January 16, 2018

A Ministry of Necessary Controversy

Mark Minnick

This is Part One of four parts • Two Three • Four

Lying here open beside me is a precious volume published in 1694. A Golden Mine Opened contains 40 stirring messages on the mediatorial work of the Lord Jesus Christ. My volume has passed through many hands over the last 300 years, including several generations of Halls, an 18th-century English family who on one of the book’s blank pages trace their ancestry back to a forefather who knew John Bunyan. I delight to read the things they’ve entered in the margins in ink now brown with age. But most of all, I feel privileged to possess a first edition not only authored by but possibly even held in the hands of the early Baptist pastor Benjamin Keach.

In an era when nonconformist congregations generally averaged fewer than 50 souls, this dear brother sometimes ministered to upwards of a thousand people. Self-taught, devout, fearing no man, and living to preach, he eventually attained a stature among Baptists that paralleled in his generation that of the more famous successor to his church, C. H. Spurgeon, 200 years later.

There would be several good reasons for resurrecting Keach’s memory. None could be any better, however, than the one which I’ve chosen to emphasize—that of his example as a ministerial controversialist. It is an uncomfortable role in even the best of times, but in 17th-century England it was often disastrous. Nevertheless, here was a courageous pastor who bore its consequences unflinchingly. I want to recover his example because some of our own ministerial liberties are due, in part, to his sacrificial struggle for those freedoms centuries ago. But more importantly, his life teaches some things about why and when a ministry may be necessarily controversial.

Forging a Controversialist

Keach was born February 29, 1640, and baptized as an infant by pious but impoverished parents. While still a boy, his formal education was terminated and he was sent to work for a tailor. But the precocious teenage tailor still found ways to study, and careful reading of his Bible convinced him that his infant baptism into the Church of England was without any Scriptural foundation.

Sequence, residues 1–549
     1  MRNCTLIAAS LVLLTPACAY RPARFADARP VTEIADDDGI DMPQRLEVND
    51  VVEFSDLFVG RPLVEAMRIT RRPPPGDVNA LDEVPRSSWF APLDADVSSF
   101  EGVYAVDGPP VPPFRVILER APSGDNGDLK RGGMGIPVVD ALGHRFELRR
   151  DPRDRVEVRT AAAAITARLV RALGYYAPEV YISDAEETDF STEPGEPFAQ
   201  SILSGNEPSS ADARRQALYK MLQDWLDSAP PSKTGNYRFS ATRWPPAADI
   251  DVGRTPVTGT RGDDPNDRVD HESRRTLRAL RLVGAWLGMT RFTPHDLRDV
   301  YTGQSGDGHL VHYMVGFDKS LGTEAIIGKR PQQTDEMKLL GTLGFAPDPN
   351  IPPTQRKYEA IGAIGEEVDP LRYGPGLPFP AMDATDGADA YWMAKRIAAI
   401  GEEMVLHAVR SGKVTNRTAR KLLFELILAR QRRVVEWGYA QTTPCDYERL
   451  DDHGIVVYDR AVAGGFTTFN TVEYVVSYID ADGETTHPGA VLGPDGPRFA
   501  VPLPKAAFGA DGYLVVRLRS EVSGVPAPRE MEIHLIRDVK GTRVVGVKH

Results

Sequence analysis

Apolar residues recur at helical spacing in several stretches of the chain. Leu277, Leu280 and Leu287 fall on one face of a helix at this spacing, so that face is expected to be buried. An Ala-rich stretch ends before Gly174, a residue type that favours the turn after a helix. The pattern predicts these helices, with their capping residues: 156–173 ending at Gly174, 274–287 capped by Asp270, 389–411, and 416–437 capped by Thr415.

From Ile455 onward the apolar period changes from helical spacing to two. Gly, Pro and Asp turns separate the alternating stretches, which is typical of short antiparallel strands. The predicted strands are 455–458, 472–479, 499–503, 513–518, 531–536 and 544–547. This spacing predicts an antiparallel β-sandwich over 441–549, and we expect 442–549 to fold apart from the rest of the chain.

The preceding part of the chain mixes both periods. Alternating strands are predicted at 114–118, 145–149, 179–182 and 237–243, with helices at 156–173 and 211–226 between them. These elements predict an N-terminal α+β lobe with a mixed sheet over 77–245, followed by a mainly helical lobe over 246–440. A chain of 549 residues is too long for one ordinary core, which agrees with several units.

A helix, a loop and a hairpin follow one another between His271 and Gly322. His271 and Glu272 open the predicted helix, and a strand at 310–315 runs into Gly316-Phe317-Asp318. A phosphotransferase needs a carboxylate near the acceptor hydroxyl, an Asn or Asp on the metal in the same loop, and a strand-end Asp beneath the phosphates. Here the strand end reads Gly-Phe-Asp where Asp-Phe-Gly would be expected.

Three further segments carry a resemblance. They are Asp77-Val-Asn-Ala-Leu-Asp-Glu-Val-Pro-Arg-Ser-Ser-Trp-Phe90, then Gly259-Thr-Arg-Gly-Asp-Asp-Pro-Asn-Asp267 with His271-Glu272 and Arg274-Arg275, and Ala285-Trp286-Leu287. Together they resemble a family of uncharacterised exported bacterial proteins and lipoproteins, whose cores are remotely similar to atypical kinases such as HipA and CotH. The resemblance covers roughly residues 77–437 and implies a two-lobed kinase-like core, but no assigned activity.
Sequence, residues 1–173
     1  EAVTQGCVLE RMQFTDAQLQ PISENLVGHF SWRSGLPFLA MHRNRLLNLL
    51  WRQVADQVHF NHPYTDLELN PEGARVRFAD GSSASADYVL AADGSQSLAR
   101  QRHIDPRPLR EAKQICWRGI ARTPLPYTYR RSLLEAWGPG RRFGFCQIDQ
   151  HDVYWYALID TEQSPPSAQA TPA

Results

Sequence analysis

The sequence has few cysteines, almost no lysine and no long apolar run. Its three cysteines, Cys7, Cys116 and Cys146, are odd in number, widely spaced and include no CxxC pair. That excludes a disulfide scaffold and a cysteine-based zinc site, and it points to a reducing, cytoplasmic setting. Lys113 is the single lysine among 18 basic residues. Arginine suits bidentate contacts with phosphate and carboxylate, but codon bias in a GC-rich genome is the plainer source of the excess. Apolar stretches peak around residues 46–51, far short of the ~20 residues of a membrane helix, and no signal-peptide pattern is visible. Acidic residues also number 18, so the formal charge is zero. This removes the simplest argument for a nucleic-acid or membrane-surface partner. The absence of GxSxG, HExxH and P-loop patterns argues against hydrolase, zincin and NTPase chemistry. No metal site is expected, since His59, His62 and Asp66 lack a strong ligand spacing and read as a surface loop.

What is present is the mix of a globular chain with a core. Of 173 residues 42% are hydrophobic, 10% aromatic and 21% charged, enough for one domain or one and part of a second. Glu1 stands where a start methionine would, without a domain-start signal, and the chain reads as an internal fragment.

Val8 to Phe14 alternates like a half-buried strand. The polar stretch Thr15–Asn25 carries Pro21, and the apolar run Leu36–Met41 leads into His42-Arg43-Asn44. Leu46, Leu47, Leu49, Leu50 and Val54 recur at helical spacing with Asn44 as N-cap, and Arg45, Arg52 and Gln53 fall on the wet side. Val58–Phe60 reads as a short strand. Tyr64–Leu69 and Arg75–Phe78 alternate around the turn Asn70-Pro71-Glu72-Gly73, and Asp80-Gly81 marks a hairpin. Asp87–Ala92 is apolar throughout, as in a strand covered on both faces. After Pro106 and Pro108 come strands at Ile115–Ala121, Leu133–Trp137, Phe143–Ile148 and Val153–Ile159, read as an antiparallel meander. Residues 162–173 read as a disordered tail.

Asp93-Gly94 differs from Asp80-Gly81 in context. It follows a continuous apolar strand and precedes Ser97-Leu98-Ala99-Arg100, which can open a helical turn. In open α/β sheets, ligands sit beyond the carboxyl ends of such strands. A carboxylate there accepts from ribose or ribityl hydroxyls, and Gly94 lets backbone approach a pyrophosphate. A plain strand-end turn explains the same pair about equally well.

Contradicting popularly held but unscriptural traditions inevitably puts a man over a barrel with his times. In the first of these instances for Keach, the result was that at the age of 15 he had himself immersed by a Baptist pastor named John Russel upon the profession of his faith in Christ. The times being what they were, immersion of a believer was popularly construed to be a rebaptism! Being rebaptized branded a convert (falsely but unavoidably) as one of the widely despised Anabaptists. Thus, from almost the day of his conversion, the boy’s faithfulness to Scripture left him inescapably stigmatized. But it is in such heat that God forges His tools.

Even though England’s 1650s were a decade of comparative liberty under the Commonwealth of Oliver Cromwell, the largely Presbyterian-controlled state church kept up a running verbal attack on Baptists. Even Richard Baxter, generally a model casuist, stooped to accusing them of baptizing their converts naked.

When a man is persuaded that Scripture teaches a thing, nothing so motivates him to confirm it further than having his conviction ridiculed. And by this means God entrenches men in Scriptural positions. Accordingly, putting all to the test of infallible Scripture, Keach by the age of 18 acquired a knowledge and godly character so noteworthy that his older brethren called him to the ministry. From that time until his homegoing more than 40 years later (1704), he preached, taught, wrote, and debated the issues of his time with the patience and persuasiveness that characterizes a man whose conscience is captive to the Word of God alone.

To be continued…

Dr. Mark Minnick is the pastor of Mount Calvary Baptist Church in Greenville, South Carolina, and serves as adjunct professor of preaching and exposition at Bob Jones Seminary.

(Originally published in FrontLine • May/June 2001. Click here to subscribe to the magazine.)

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